Art awakens us to the world as it truly is – complex and mysterious yet knowable, in shades, all at once. The best artists, if you think of them – artists like Rembrandt, Monet or Michelangelo – do just that: They rouse us to see and experience veiled truths and majestic beauty in a single, timeless painting.
And while good art is inspiring in that way, there is one thing that art is not: art is not easy.
Good art takes time. For that reason, Mrs. Stephens has our upper school students focused on the foundational elements of art, and anticipates that the focus will remain there throughout the academic year.
“Upper school students right now are learning these elements: line, shape, form, value, texture, color and space. They’re first learning how those function individually, on their own. Next, they’ll learn to piece those elements together, and in that way, create their own art.”
Mrs. Stephens is a lifelong artist who earned her B.A. in Art for Secondary Education at Grand Canyon University in Phoenix, Arizona. Prior to joining the Academy, Mrs. Stephens taught art at the A.P. level for 16 years.
“Our upper school students, who haven’t taken art since elementary, in many ways are new to art. The goal is to build gradually each year. Next year, I hope to introduce the principles of design, which include emphasis, balance, contrast, repetition, proportion and movement. Once the students have mastered those principles – and have the elements of art mastered too – then they can move towards conceptual art. In other words, with the foundation set, they’ll then be able to think more independently. That’s when art truly becomes fun.”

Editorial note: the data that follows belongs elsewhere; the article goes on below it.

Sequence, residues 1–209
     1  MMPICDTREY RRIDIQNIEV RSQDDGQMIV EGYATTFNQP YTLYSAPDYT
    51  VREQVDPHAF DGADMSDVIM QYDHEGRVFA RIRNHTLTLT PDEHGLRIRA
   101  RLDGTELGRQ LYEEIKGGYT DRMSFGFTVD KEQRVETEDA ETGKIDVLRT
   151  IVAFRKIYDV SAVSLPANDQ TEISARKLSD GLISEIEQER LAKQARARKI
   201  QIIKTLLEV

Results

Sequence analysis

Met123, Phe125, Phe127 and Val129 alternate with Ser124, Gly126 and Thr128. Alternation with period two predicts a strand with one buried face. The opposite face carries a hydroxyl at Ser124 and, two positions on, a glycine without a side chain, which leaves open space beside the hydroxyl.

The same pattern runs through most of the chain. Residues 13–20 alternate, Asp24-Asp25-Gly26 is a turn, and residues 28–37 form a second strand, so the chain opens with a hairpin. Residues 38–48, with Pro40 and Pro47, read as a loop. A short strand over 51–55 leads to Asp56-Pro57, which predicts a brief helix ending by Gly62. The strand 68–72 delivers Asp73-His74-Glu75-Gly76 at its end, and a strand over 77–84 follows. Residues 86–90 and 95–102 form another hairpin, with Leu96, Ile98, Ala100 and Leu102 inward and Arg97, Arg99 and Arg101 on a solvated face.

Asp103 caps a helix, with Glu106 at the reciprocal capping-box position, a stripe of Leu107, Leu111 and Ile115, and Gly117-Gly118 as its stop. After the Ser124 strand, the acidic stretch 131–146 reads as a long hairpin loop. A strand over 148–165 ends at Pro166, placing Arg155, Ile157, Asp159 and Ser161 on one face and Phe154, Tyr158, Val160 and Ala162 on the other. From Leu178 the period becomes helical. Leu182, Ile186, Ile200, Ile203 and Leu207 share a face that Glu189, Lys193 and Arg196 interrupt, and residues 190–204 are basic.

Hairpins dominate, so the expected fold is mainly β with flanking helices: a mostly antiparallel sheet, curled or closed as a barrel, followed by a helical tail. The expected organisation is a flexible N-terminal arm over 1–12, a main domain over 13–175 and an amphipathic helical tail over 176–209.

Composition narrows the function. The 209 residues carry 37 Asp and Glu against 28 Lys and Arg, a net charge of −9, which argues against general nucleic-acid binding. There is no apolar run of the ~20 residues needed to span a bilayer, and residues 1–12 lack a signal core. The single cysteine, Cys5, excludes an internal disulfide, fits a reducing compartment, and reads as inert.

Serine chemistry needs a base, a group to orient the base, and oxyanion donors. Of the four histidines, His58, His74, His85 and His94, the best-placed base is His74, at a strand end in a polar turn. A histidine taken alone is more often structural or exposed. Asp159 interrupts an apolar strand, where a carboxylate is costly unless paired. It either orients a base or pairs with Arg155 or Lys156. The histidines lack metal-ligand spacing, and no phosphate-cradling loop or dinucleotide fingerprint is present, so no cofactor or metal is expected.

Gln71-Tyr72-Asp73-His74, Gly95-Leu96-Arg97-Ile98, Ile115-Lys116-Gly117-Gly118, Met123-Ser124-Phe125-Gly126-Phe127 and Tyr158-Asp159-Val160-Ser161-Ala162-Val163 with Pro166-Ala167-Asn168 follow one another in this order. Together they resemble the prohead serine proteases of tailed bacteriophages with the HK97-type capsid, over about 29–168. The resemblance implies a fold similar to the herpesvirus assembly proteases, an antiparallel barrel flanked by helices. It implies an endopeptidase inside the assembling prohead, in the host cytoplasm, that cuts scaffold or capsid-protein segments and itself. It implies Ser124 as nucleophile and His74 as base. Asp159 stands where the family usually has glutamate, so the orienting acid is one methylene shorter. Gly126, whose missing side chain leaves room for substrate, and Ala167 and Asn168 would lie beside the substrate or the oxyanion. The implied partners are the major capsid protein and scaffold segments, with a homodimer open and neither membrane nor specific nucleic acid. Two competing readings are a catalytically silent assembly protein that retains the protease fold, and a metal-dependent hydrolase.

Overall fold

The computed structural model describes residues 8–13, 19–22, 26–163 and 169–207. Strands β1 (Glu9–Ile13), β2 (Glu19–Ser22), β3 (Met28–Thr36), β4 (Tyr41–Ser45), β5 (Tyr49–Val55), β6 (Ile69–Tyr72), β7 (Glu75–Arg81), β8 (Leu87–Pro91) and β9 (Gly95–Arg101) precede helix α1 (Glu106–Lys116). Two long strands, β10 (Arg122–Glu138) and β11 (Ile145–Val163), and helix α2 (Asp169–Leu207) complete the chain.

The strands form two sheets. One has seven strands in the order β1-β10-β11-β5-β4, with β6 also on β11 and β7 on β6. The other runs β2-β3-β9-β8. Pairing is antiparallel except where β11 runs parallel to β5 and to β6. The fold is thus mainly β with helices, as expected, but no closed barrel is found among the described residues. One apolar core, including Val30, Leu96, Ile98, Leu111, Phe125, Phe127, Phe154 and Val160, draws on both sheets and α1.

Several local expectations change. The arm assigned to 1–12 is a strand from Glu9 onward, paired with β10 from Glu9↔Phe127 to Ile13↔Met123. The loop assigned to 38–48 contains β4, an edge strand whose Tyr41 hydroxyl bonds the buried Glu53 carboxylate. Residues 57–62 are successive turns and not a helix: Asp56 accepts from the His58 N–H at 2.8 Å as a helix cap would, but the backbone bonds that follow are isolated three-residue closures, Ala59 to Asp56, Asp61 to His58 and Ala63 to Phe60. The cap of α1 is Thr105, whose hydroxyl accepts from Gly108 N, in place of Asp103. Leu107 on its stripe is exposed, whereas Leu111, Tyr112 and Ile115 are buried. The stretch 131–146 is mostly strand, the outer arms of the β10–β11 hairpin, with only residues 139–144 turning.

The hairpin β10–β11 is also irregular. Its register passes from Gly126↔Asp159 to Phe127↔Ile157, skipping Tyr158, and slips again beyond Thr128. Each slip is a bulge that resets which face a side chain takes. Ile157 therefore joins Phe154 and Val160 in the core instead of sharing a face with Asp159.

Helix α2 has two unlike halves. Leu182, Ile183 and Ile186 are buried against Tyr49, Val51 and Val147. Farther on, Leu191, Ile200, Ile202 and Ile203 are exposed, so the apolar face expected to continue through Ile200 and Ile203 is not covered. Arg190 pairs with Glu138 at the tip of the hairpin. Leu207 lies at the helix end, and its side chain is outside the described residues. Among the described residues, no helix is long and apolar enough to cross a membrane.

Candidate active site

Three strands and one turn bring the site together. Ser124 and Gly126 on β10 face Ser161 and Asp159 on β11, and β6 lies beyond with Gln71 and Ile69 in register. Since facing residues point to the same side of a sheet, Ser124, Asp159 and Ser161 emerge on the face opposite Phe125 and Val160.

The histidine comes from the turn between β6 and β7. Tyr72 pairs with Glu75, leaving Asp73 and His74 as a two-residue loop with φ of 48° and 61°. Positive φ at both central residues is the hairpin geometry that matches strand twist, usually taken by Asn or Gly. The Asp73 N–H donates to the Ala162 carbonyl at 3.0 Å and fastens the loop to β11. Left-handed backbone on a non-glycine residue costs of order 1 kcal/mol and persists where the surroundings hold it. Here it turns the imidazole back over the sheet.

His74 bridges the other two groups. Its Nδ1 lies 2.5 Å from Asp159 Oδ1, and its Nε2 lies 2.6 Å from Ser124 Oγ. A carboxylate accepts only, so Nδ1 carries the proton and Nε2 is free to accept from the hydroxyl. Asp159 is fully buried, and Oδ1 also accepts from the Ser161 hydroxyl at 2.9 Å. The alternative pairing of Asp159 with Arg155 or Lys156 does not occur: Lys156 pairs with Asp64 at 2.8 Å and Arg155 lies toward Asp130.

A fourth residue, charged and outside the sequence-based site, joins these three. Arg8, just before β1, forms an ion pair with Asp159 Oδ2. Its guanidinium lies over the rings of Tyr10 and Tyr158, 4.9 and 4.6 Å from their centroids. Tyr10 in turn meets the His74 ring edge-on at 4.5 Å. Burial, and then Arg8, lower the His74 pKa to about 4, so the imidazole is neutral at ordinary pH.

Since good art takes time, it also takes patience. Those artists like Rembrandt, Monet and Michelangelo arrived at mastery only after years of diligent study and practice. A good artist, therefore, will be one who knows something of persistence.
“I’ve been encouraged by the students’ willingness to learn. They’re captivated by good art – pieces from The Luminists, for instance, which I’ve showed them – and they want to one day produce similar works, which is no easy task. With time, though, some of our students just may. I really believe that.”